HARARE, Zimbabwe — Legal experts in Zimbabwe said Friday that President Robert Mugabe's unilateral call for end of July polls is illegal and he could be forced to overturn it at an upcoming regional meeting scheduled Saturday.
Veritas, an independent legal research group, said President Robert Mugabe has no power under the country's constitution to call for elections without the approval of the cabinet of government ministers.
"In issuing an election proclamation, the president is obliged to act on the advice of cabinet. Quite obviously he did not do so. On that ground alone, the proclamation is legally void," the group said in a statement.
Mugabe is in a coalition government with former opposition leader Prime Minister Morgan Tsvangirai brokered by regional leaders after violent and disputed elections in 2008.
He has set July 31 for the national vote arguing he is obeying a May court ruling after a private lawsuit brought against him demanded early polls.
The legal group said Mugabe can only act on his own if he wants to dissolve parliament, but in this case he has allowed parliament to run until June 28, when it should expire after its current five-year term.
Tsvangirai claims Mugabe needs his consent on when to hold elections under the power-sharing deal.
Veritas said Mugabe has created a political crisis in unilaterally calling for polls. It said once Mugabe has set an election date, amendments to electoral laws that critics say have led to vote-rigging in the past cannot be made as proposed in the nation's new constitution, overwhelming accepted in a March referendum.
Mugabe invoked special presidential powers earlier Thursday to by-pass parliament and fast-track changes to electoral laws a few hours before his notice announcing an election date.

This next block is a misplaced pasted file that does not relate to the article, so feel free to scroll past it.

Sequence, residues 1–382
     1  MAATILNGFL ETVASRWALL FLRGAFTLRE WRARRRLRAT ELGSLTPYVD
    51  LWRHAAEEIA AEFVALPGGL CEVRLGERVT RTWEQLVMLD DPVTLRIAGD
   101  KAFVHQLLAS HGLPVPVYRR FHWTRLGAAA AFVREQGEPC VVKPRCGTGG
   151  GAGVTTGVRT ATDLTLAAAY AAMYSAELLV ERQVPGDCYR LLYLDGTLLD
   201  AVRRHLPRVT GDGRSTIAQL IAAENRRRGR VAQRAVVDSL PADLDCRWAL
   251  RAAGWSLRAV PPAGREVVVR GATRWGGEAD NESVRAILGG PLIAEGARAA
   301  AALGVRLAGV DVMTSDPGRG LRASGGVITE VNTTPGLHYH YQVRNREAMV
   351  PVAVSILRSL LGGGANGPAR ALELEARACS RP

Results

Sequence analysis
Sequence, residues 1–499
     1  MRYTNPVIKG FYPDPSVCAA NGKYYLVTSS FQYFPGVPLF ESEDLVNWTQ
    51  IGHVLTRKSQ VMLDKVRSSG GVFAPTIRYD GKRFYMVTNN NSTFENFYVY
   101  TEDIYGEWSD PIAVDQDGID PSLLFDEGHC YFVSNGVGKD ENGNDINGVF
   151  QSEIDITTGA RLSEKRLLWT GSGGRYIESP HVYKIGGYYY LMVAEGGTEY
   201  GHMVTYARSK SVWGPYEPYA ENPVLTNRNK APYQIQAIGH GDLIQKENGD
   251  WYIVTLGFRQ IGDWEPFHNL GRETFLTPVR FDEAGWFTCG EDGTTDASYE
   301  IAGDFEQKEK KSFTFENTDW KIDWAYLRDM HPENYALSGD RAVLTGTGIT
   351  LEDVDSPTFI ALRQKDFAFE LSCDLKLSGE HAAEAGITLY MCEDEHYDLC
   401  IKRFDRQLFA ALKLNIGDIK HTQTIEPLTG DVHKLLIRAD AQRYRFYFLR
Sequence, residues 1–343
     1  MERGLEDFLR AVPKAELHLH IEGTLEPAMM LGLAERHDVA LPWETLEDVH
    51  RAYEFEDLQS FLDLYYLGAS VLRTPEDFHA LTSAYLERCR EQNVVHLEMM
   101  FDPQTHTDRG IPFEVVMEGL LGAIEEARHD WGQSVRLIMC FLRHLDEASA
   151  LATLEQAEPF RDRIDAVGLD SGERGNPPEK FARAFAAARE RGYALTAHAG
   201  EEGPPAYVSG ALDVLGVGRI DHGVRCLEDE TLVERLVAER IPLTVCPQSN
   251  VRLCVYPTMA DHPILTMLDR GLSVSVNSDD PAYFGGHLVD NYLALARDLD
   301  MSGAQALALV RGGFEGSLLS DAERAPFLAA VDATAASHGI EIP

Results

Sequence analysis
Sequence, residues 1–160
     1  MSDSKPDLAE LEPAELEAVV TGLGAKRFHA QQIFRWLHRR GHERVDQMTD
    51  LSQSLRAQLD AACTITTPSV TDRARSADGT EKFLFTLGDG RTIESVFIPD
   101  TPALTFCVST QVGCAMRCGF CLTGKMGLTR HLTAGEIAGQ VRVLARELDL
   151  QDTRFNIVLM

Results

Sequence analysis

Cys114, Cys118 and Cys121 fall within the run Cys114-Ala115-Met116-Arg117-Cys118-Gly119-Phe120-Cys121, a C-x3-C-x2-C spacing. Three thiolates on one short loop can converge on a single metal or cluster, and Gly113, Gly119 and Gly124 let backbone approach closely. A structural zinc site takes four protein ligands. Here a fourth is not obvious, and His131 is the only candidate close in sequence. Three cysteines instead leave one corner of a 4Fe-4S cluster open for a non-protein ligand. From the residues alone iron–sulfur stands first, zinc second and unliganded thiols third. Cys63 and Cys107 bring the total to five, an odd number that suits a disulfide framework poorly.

But Veritas said the amendments to the electoral laws that Mugabe would have made are superseded by the election notice rendering them invalid.
"So whatever deficiencies there may be in the amendments .the election will have to be held in accordance with them," it said.
Tsvangirai, Mugabe's partner in the coalition, has repeatedly demanded reforms in the loyalist police and military widely blamed for state-orchestrated violence in previous elections.
Mugabe has dismissed calls for reform in the partisan security sector.
This has raised fears among rights groups of a repeat of violence that marred the previous 2008 polls. Hundreds of Mugabe's opponents were killed and thousands were wounded.
In a statement, Amnesty International's Africa director Netsanet Belay said sweeping security laws used to arrest and intimidate people must be repealed before the elections.
"Whatever date is decided for the election, the government's absolute priority must be making sure the violence that erupted during the 2008 vote is not repeated," Belay said.
Veritas, the legal research group, said the regional body known as SADC may have to "exert sufficient pressure" on Mugabe to make him rescind his decision at the Saturday meeting in Maputo, Mozambique.